VR storytelling | Haptic horror
Imagine the touch of an ice-cold hand, the unexpected brush of something across the back of your neck, the sensation of touching a strange, sticky slime… Jenny Grinsted, Content Writer at Ultrahaptics, explains how haptics takes spooky experiences onto another level.
Who doesn’t love a ghost story? And as humans, we’ve been telling them for a very long time – ever since round some campfire a Stone Age storyteller told their tribe about a monster lurking in the woods.
Ever since then, storytelling has been evolving. From oral to written narrative; from theatre to film; from film to VR.
In both new and traditional forms of storytelling, horror is an enduring and profitable genre. Of the 1.2bn movie tickets sold globally in 2017, around 116m, or 9.5%, were horror movies. Since its 2017 release, cult horror film It has grossed around $700m worldwide, with a production budget of only $35m.
Storytelling may have evolved. But one thing that hasn’t changed is that, since the dawn of time, storytellers have instinctively known the sensation of touch is one of the pillars of a truly spooky experience.
Here’s Bram Stoker, back in 1897, describing the moment Jonathan Harker shakes Count Dracula’s hand:
The instant, however, that I had stepped over the threshold, he moved impulsively forward, and holding out his hand grasped mine with a strength which made me wince, an effect which was not lessened by the fact that it seemed as cold as ice, more like the hand of a dead than a living man.
Let’s coin a phrase here: haptic horror. It’s the way the sensation of touch, whether imagined or directly experienced, takes an experience onto another level.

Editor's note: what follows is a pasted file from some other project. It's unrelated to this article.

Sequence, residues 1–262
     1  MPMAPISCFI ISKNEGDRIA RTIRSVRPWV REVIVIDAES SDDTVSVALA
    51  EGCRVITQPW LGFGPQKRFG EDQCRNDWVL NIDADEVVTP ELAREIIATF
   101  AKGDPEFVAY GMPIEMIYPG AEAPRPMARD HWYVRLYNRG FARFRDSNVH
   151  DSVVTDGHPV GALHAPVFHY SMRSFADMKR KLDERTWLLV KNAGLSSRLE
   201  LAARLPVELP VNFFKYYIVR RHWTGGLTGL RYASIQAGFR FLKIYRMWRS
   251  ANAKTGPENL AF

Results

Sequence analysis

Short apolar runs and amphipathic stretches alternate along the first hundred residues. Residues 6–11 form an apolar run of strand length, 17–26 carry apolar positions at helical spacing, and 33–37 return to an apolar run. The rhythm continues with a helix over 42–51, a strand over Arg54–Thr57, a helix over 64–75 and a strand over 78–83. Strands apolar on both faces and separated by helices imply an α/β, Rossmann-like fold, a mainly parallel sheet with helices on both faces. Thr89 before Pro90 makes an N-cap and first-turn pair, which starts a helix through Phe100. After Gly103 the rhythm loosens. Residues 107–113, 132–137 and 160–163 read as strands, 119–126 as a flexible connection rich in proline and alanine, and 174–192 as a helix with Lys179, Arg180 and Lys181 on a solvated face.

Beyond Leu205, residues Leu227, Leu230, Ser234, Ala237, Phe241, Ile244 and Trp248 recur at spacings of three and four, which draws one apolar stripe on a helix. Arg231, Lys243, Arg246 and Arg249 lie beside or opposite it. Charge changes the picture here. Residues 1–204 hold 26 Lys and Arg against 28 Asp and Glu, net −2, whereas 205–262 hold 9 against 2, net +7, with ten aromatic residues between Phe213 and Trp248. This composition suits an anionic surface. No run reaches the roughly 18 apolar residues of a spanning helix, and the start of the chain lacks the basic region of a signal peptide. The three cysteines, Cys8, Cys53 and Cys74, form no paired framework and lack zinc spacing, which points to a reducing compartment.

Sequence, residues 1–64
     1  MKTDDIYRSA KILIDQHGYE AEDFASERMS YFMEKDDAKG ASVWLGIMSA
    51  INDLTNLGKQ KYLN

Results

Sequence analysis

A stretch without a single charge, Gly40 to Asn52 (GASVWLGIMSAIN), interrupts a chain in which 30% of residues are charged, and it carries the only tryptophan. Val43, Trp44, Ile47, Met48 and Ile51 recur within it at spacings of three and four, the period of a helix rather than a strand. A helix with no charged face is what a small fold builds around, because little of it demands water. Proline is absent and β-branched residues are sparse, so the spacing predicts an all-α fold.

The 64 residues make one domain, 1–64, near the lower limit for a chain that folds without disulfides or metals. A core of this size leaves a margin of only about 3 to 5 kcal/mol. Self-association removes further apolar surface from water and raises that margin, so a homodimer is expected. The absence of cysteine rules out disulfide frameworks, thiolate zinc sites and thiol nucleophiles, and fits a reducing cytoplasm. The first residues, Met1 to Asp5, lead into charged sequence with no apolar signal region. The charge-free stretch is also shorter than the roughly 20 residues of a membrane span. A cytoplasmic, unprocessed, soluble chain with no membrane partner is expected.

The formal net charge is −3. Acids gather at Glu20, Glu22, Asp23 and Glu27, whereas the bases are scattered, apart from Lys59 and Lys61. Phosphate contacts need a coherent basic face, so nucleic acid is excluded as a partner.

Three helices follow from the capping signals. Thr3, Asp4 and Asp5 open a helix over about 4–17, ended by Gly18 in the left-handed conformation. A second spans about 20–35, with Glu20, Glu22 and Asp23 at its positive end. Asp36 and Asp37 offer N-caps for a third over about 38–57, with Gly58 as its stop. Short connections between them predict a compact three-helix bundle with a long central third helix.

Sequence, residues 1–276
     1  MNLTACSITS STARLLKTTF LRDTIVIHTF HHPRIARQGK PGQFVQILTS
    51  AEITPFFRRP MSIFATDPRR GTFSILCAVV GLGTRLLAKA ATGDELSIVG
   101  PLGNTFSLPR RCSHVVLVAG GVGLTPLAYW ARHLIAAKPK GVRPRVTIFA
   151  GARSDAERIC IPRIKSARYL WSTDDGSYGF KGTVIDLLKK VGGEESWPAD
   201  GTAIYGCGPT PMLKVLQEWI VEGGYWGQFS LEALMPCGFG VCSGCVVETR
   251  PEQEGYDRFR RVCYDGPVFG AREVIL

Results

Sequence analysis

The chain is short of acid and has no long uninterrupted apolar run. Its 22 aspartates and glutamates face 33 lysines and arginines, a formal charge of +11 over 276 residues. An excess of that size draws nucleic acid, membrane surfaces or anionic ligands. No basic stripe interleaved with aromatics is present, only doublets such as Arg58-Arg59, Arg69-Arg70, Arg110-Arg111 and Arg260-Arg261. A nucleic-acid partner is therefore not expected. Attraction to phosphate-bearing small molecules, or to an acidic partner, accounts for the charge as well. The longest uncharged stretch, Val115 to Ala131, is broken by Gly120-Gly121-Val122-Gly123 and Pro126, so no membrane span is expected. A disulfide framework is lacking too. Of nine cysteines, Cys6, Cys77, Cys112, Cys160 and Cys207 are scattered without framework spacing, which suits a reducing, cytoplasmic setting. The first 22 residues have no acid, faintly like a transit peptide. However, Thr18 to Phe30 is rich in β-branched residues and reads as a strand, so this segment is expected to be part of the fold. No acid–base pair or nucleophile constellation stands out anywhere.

It’s the moment poor old Jonathan Harker first gets an intimation Dracula is one of the undead. It’s the touch of an ice-cold hand, the unexpected brush of something across the back of your neck, the sensation of touching a strange, sticky slime.
In horror, the sensation of touch is one of the ways in which imaginary monsters – the ghosts, the zombies, the vampires – suddenly become terrifyingly, decisively real. It’s also often the moment things start to get seriously scary.
You can see some of the visceral audience reactions in the video above. Even more compelling, though, were the results of a follow-up study we did in partnership with the Immotion VR network of VR arcades.
We tested the experience with and without the haptics activated. Visitors who used the experience with haptics had a stronger sense of body ownership and agency (both of which indicate deeper immersion). They were also significantly more likely to replay or recommend the experience.
And when you start putting them together and adding haptic feedback into spine-chilling VR experiences… well, let’s just say that we’ve found things can start getting very spooky indeed.
Jenny Grinsted is a storyteller and content developer who spends half her time in the world of haptics and the other half in the world of children’s books.